While another whistleblower story dominates the online and mainstream media spheres, I would like to focus on a larger issue at hand: regulatory capture. Regulatory capture occurs when individuals with clear conflicts of interest are appointed to positions where the role of the position can easily be abused for private gain at the expense of the general public. Now, certain positions' own requirements can often make them innately prone to such capture, such as financial regulation done by former investment bankers.
A certain videogame franchise, Assassin's Creed, focuses on a war between two secret societies, the Assassins and Templars. The Templars attempt to centralize power, and the Assassins try to keep societies open and free. While they have similar methods, such as subversion and (of course) assassination, both factions generally stick to the shadows. Generally, the Templars tend to be prone to abusing their positions, despite lofty rhetoric about bringing peace. When something outside of their control arises (such as a new political entity, economic system, subversive technology, or scientific discovery), the Templars instinctively try to repress it, or failing that, co-opt or hijack it. Thus, the Templars are able to directly use societies' most powerful institutions (governments, corporations, etc.) as their weapons of choice, while the Assassins are limited to the fringes of civilization (although they try to 'make friends' within the status quo when possible). Thus, the Assassins constantly seek out new ideas and tools to break down or subvert the status quo while the Templars try to reinforce it.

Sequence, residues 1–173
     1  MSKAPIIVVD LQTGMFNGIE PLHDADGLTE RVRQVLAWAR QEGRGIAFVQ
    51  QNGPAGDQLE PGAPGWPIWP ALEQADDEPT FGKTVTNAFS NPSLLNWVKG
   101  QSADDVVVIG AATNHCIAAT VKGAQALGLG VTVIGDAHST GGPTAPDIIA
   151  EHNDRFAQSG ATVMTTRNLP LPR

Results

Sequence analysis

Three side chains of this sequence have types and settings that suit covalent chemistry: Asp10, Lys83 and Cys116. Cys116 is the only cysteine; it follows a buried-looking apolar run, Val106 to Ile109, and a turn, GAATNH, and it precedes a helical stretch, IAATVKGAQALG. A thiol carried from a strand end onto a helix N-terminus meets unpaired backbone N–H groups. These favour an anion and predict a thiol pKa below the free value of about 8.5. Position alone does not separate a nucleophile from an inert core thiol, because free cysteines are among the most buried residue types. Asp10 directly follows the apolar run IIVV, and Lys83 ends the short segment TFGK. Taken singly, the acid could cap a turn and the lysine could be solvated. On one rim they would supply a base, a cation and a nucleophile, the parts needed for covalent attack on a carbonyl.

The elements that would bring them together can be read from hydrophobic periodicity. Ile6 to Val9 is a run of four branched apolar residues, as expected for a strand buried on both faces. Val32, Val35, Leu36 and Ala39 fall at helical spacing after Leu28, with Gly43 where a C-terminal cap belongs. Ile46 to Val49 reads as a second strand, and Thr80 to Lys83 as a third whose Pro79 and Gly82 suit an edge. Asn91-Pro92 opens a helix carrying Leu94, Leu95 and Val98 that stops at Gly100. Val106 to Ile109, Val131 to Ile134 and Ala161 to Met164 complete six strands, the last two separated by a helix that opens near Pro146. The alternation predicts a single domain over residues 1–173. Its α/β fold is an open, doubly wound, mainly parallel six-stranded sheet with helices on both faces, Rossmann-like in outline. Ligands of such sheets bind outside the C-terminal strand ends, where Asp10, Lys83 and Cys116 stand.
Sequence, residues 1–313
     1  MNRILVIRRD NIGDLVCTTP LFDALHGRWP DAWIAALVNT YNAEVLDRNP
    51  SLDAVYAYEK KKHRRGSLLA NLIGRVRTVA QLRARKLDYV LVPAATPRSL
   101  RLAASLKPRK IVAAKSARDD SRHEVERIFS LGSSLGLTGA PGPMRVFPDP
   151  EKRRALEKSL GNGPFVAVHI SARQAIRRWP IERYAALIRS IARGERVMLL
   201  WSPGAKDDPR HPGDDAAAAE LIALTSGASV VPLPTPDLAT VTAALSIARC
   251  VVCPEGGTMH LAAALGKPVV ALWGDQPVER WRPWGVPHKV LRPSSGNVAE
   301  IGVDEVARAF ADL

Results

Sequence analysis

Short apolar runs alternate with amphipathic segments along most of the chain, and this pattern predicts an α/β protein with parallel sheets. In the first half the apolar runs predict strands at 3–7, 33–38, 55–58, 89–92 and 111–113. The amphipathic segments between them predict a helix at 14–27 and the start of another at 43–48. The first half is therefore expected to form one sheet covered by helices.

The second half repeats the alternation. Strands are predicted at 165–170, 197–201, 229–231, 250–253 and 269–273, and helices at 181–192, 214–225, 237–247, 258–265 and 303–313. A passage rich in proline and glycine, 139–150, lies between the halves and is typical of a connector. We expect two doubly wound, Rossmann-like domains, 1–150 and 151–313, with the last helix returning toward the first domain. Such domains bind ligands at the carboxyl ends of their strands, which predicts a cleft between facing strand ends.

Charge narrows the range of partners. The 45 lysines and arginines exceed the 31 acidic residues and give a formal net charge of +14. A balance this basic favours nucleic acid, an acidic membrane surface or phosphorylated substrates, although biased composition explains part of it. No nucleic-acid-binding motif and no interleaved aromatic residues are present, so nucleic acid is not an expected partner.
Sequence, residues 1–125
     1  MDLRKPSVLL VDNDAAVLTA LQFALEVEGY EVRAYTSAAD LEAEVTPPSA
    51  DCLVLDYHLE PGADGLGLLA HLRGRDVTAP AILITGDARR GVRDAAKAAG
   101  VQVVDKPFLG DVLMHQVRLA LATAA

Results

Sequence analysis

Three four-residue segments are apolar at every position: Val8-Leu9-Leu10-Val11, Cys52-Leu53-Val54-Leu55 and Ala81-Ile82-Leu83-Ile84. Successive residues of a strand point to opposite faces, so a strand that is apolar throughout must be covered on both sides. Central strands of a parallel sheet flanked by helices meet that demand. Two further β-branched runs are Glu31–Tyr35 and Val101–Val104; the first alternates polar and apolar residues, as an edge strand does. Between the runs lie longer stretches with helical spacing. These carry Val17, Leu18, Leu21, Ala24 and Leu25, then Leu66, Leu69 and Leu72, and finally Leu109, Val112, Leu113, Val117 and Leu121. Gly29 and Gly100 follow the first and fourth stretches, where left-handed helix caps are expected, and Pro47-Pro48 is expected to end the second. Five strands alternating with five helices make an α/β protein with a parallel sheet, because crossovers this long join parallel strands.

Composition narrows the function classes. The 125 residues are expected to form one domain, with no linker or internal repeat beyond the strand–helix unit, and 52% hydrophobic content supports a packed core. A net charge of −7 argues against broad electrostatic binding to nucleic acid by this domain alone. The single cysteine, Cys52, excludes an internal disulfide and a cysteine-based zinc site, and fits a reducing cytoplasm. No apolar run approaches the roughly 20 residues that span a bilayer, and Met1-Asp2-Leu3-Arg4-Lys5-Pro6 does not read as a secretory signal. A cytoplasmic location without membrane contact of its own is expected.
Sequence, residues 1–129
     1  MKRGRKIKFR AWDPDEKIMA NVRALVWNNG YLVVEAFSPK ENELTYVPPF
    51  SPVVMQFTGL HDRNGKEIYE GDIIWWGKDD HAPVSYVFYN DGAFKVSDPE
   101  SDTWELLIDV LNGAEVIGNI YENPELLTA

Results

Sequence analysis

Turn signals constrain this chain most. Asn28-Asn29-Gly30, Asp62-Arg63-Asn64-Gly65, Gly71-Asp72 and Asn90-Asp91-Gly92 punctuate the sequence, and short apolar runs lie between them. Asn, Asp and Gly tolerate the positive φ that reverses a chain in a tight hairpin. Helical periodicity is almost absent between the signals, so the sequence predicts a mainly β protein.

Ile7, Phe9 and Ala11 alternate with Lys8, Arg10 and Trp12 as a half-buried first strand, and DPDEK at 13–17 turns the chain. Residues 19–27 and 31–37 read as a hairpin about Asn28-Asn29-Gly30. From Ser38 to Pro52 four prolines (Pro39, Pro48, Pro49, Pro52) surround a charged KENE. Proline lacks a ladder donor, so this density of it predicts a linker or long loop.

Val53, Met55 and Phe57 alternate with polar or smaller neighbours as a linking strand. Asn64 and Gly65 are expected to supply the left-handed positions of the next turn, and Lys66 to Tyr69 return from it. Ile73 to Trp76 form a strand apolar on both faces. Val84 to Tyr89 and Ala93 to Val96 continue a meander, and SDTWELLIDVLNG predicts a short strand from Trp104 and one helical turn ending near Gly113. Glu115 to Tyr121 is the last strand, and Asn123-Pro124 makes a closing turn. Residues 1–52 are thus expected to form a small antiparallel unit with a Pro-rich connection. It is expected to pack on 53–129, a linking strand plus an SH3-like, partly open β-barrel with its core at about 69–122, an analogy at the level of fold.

There is a neurological and psychological basis for this eternal clash of order and chaos. Some personality types may be authoritarian, and most people subconsciously prefer even a false sense of comfort or reassurance to change (even if the change would be better). Human beings are social animals, and our sense of "us" and "them" shapes our senses of moral and immoral, as well as social and antisocial behavior. By contrast, some intelligent and creative people are not as burdened by the mores they were taught, and are more open to experimentation. (This is one reason that artists and intellectuals tend to be the first to vanish during political purges.)
Likewise, as institutions fail, power becomes increasingly centralized in a few institutions. Those few functional institutions left can easily host opportunistic parasites as regulatory agencies fail. Unlike Assassin's Creed, however, real life does not require an organized conspiracy to conquer the world, but only the continued unraveling of the rule of law. The worst sorts of people rise to the top, like the biggest pieces of stool floating to the top of a clogged toilet. The end result is a positive feedback loop leading to increasing instability. The only feedback to this is criticism and openness, which is anathema to kleptocracies, It will be interesting to see how the show goes. The covert war of real human history has always been a set of elites against historical forces. We shall see how this one plays out.